And I waited.
At this stage I decided it was all too much hassle and I would be fine without DSA as I’d been fine with my previous studies.
Eventually I received a letter informing me that I was eligible for DSA and today I had my needs assessment.
My assessment was carried out by an organisation called ‘Contact Associates’ who provided excellent pre-assessment information with clear directions, details about parking (very important!) and how long the assessment would take. My assessment was conducted by a mental health specialist who demonstrated an excellent understanding of the range of support needs for autistic students.
I went into the assessment thinking I didn’t really have any support needs. It was only through my assessor’s careful exploration of how I study and finding all the little supports and adjustments I craft for myself, that I realised I do actually have some needs for support. It’s not that I can’t organise myself and produce academic work to a high standard. I clearly have and can, or I wouldn’t be embarking on a PhD! It’s that the effort and time it takes for me to do that is more than an ordinary, non-autistic, non-disabled, student would require. By adding in some human and technical supports I will hopefully be able to study more efficiently and more effectively without sacrificing all of my time and well-being.
What was most remarkable about the assessment, and in stark contrast to my experiences dealing with school support for a disabled child, was the sense that the assessor was an ally and an advocate, not an adversary. All too often schools and local authorities disbelieve and disregard professional opinion, because they can’t see ‘the problem’. We have to repeatedly explain our children’s difficulties and stress that just because you can’t see it doesn’t mean it’s not there.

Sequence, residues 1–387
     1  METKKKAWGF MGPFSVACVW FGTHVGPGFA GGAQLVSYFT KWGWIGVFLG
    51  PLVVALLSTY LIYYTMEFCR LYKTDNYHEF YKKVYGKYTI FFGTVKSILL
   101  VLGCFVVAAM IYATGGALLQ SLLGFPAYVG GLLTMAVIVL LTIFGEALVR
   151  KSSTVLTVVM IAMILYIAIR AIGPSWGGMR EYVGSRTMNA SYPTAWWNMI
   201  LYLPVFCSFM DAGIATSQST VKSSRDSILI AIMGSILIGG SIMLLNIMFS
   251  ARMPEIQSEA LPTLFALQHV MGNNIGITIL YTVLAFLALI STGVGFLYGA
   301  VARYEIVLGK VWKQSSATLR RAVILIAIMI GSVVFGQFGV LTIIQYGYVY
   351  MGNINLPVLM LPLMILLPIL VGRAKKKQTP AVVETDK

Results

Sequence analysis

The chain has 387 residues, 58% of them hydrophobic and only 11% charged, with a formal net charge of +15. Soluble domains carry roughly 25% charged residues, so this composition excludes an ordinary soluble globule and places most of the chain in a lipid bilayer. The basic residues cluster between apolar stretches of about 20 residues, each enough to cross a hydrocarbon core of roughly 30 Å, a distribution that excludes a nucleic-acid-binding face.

But, having completed (not without much angst) the earlier paperwork evidence stage which proved my eligibility, todays assessment took that as given. I have a diagnosis. I have been officially assessed by an experienced professional to have met the criteria for that diagnosis. Attending an assessment where I did not have to again prove my disability, or list my deficits, or explain how despite being a reasonably competent adult I do struggle with a lot of things most ordinary people take in their stride, was liberating and empowering. My assessor felt like an advocate, not an adversary.
The DSA system for proving eligibility clearly needs some work, but without doubt, as a whole it is a vast improvement on the SEN system for children and young people.